Rebellious subjects, enemies to peace,
Profaners of this neighbour-stained steel, –
Will they not hear? What, ho! you men, you beasts,
That quench the fire of your pernicious rage
With purple fountains issuing from your veins,
On pain of torture, from those bloody hands
Throw your mistemper’d weapons to the ground.

– William Shakespeare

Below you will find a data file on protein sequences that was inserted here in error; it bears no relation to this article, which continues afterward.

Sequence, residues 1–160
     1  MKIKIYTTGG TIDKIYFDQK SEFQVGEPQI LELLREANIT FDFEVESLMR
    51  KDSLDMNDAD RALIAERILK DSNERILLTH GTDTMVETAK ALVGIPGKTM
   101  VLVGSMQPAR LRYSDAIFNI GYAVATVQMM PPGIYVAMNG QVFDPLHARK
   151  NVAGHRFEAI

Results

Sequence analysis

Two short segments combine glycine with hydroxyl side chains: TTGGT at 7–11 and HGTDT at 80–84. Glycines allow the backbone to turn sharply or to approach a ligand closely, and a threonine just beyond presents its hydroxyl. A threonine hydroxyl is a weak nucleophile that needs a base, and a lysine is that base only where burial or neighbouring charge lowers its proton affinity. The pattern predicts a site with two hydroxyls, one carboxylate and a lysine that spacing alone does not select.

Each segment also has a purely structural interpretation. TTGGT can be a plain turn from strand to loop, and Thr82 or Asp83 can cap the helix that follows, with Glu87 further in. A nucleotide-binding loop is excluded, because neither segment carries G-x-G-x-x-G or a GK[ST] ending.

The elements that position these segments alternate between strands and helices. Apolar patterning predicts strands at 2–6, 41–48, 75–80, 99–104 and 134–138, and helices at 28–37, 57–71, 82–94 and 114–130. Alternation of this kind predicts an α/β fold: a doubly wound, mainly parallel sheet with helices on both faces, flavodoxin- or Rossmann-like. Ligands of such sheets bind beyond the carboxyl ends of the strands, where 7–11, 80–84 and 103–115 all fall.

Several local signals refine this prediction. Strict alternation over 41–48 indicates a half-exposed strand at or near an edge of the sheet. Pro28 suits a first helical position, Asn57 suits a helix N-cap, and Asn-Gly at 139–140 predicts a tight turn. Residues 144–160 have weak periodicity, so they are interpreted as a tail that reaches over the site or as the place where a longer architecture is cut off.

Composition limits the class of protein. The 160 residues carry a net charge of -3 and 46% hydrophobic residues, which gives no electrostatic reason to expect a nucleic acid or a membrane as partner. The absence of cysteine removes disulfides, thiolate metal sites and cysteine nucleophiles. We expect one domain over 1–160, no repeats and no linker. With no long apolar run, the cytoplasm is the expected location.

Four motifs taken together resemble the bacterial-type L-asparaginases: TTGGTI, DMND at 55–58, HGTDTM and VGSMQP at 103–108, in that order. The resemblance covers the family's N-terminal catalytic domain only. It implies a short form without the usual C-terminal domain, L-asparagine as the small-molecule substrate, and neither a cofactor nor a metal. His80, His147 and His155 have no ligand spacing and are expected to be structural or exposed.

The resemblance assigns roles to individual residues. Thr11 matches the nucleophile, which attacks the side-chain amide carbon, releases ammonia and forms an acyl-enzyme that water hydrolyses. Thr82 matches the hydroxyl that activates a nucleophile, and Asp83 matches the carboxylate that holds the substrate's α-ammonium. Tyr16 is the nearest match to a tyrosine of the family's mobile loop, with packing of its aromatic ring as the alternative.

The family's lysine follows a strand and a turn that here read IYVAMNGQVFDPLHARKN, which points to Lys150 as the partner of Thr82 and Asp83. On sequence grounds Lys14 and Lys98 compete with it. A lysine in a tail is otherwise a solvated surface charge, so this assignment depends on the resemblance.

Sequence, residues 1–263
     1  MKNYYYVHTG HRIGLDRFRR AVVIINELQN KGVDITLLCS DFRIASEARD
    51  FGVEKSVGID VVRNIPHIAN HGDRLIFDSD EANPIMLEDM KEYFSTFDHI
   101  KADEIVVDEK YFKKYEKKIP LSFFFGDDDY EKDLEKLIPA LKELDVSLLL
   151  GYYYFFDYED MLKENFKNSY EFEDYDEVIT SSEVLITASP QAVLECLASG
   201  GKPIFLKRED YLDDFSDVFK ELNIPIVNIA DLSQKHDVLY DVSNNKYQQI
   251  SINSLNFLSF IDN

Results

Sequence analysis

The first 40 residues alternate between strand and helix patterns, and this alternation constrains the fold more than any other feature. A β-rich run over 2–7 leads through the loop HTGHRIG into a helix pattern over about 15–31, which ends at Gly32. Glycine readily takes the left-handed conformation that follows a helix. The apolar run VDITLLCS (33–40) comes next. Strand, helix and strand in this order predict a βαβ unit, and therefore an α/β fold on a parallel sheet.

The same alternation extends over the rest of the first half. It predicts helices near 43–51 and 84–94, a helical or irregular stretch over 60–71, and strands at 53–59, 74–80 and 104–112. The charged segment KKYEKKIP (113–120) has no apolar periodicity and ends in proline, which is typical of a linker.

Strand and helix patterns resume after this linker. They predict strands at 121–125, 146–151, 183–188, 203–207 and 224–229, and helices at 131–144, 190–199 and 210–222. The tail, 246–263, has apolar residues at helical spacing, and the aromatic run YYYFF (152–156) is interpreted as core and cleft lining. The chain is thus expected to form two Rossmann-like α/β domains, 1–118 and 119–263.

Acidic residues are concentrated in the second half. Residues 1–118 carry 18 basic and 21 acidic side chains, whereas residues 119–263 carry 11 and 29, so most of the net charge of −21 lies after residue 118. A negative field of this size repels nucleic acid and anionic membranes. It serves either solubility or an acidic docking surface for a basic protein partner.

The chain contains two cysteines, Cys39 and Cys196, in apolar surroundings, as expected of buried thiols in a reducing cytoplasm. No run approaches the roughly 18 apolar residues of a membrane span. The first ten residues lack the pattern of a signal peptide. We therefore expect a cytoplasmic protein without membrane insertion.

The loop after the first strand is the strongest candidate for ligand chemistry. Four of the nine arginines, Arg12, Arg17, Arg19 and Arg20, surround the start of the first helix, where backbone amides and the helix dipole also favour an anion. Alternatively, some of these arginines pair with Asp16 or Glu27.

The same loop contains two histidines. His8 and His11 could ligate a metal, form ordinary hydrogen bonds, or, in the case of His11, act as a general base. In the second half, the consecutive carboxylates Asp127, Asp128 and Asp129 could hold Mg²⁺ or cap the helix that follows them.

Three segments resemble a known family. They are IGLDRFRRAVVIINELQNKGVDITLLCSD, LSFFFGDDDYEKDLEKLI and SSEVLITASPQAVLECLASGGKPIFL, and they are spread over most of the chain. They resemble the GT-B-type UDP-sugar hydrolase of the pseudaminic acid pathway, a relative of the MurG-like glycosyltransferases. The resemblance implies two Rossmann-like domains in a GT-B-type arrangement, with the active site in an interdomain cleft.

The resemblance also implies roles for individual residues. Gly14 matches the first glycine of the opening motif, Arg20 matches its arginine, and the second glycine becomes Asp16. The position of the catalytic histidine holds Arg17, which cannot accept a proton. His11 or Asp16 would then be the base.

Romeo and Juliet, Act 1, Scene 1. Prince Escalus storms into the play’s first scene, as the ancient feud between the Capulets and Montagues flares up into a violent street brawl. Verona’s authority figure threatens the culprits with violent punishment if they don’t lay down their weapons. He uses a series of metaphors to compare the fighters to beasts who quench the fire of their hate by spilling fountains of blood. In "mistemper’d weapons" we also have an example of personification.